Security forces around the world, already on high alert in the wake of the Charlie Hebdo and Kosher supermarket attacks as well as new threats from ISIS terrorists, became edgier still in response to reports of unidentified flying objects. The crash of a small commercial drone on the White House lawn at 3 a.m. proved to be nothing more than the “drunken misadventure” of an employee of a government intelligence agency, but nocturnal sightings of drones over Paris landmarks and the US embassy remain unexplained and a cause for concern.

Then, in the days leading up to Prime Minister Binyamin Netanyahu’s controversial address to the US Congress came a slew of worldwide reports of triangular objects widely assumed to be Israeli in origin.

In this tense situation, it was probably inevitable that Israel would be drawn into the broader security speculation. Wild stories of Mossad conspiracies, long popular in the Arab world, appeared in the mainstream press two weeks ago. One report claimed Israel intelligence had sought to use “water-gobbling plants to sabotage Egypt” by drying up the Nile. (“The allegation against Mossad could be true or preposterous,” the authoritative Guardian helpfully observed.) Ironically, this accusation came hot on the heels of the charge that Israel had opened dams in order to flood Gaza. This story, though widely circulated by both social media and major newspapers, collapsed when it was pointed out: there are no dams in southern Israel.

Israeli officials have not commented on the reports of the mysterious triangles, but several outside analysts (speaking anonymously) were willing to share their views.

Saucers and Triangles: an Israeli Connection?

Although the UFO frenzy that gripped America in the 1950s and 1960s involved “flying saucers” (apparently a misinterpretation of the earliest report), many sightings were in fact of triangular objects (which, viewed from the front or in profile, could appear saucer-like). This has led to speculation about a consistent line of development from the futuristic Nazi Ho 229 to the Northrup YB-49 flying wing and the B-2 “stealth” bomber. Indeed, the CIA has revealed that its secret aircraft were in fact responsible for many early UFO reports.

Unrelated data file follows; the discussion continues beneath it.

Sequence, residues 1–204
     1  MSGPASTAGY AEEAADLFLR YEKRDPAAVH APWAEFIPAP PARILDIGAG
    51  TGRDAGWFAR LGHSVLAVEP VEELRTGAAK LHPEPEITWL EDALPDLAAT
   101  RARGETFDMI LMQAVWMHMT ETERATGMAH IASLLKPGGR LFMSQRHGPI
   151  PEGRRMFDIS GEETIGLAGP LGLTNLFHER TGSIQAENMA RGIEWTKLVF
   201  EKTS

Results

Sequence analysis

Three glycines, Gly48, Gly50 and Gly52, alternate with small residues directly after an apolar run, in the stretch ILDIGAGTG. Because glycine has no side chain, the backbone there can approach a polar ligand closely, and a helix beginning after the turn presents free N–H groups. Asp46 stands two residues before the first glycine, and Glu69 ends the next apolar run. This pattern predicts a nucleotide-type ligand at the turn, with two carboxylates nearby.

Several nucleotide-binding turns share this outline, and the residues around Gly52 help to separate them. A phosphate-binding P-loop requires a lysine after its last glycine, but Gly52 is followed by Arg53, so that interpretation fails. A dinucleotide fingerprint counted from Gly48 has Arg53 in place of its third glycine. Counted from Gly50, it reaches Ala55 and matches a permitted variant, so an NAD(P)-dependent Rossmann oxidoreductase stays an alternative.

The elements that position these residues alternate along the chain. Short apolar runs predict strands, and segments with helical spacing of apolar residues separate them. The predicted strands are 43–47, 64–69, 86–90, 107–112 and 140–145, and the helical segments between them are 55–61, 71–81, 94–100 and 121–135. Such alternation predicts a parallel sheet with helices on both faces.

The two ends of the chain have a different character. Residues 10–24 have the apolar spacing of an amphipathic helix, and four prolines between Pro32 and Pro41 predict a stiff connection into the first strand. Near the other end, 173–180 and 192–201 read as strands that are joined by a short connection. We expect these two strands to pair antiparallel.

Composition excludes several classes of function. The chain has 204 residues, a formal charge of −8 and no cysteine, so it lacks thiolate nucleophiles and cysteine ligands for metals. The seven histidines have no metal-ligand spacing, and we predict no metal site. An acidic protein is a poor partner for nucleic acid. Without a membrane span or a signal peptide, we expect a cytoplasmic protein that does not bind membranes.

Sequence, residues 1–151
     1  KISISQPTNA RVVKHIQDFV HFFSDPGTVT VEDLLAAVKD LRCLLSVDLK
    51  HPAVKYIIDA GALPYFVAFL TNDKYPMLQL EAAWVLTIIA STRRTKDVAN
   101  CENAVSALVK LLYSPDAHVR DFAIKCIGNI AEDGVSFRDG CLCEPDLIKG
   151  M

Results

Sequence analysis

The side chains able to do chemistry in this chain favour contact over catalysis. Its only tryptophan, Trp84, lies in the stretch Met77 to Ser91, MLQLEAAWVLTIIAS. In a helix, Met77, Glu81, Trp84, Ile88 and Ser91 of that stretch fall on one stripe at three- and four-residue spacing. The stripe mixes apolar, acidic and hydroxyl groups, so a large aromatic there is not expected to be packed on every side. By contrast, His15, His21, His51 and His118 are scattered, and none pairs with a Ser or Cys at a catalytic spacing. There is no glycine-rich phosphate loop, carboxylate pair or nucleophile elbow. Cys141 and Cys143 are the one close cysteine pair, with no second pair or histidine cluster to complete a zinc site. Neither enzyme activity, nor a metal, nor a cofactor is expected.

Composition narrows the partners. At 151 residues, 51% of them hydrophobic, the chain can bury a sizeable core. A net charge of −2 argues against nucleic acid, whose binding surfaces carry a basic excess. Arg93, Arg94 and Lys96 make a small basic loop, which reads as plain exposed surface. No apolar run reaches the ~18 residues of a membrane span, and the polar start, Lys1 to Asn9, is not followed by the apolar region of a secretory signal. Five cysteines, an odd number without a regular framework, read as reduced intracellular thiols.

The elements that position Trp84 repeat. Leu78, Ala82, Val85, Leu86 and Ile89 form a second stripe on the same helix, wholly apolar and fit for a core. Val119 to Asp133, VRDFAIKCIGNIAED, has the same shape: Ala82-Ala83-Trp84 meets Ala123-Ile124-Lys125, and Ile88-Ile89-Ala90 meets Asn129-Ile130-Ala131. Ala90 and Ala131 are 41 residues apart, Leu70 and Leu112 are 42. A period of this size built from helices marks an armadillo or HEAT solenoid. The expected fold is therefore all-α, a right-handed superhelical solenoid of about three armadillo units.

Significantly, the typical UFO reported today is triangular rather than saucer-shaped: the so-called “black triangles.” (Frenzied speculation centers on the alleged “Project Aurora” spy plane.)

Israel benefits greatly from its close military and intelligence partnership with the United States (which, personality differences between the heads of government notwithstanding, has actually intensified under President Obama). In fact, Israel just announced plans to purchase another 14 F-35 Joint Strike Fighter Lightning II aircraft, at a price of $ 3 billion. At the same time, Israel, as the vaunted “startup nation,” has famously robust domestic high-technology and defense sectors and was a pioneer in the use of UAVs (“drones”).

Much speculation about Israeli secret weapons centers on plans for a presumed attack on Iran—which now looks almost impossibly difficult–such as UAVs deploying electronic warfare systems. However, the triangular shapes sighted this week seem to have an entirely different purpose.

the mysterious Israeli triangular object was traceable to a German version

Experts were in agreement that the mysterious Israeli triangular object was traceable to a German version that originated in what was then Bohemia (today’s Czech Republic). These miniature and pilotless objects—light-colored and two-toned rather than black–have the ability to incapacitate the targeted individual by simply inducing lethargy. Such a system would be ideally suited for covert operations, and because of its non-lethal nature, even if used openly, would presumably not trigger the international human-rights investigations that arise in the wake of every conventional Israeli military undertaking, no matter how great the efforts to spare civilians.

Investigators from the US Joint Warfare Analysis Center, speaking on deep background, said the objects evidently serve as delivery devices for powerful and carefully engineered plant derivatives, most but not all of native Middle Eastern origin. The JWAC has identified several versions.